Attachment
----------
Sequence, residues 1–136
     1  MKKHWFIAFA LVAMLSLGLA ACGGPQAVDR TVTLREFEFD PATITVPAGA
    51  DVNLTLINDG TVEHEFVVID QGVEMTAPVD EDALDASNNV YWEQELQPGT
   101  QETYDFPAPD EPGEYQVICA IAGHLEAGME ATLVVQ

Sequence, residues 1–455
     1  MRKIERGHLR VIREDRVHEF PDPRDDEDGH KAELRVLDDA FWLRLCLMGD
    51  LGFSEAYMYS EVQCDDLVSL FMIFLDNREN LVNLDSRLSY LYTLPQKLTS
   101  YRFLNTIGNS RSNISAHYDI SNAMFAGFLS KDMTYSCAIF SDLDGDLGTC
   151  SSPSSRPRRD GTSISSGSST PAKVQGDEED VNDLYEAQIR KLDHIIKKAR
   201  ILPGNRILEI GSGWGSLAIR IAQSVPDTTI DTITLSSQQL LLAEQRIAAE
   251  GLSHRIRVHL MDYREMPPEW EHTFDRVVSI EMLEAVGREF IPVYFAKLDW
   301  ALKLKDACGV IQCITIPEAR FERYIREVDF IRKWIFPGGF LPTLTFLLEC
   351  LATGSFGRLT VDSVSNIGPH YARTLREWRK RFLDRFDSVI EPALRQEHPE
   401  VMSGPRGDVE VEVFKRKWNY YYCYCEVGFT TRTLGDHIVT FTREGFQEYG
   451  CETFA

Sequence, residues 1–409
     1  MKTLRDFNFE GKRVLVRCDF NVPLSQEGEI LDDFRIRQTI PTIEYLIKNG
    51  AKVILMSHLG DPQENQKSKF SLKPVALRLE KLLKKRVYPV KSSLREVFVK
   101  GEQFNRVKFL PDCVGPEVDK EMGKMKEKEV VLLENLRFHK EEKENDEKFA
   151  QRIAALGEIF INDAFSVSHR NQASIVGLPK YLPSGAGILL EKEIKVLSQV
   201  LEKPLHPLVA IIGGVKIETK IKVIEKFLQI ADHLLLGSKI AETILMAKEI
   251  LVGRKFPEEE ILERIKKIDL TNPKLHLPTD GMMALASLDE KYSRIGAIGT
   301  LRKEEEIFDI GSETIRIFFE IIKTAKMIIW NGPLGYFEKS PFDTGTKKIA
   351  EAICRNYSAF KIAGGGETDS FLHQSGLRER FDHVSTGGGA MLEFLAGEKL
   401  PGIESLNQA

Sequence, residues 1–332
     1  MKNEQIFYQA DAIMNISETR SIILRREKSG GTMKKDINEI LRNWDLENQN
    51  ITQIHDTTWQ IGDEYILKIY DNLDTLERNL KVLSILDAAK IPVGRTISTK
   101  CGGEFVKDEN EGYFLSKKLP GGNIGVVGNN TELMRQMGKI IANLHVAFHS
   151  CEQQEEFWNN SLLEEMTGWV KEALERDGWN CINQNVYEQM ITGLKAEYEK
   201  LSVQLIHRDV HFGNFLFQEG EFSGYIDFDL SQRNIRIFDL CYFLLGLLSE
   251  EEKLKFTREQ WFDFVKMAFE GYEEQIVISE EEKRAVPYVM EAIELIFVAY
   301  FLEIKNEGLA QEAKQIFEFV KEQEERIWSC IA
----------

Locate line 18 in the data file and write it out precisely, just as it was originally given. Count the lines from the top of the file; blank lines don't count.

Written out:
    51  AKVILMSHLG DPQENQKSKF SLKPVALRLE KLLKKRVYPV KSSLREVFVK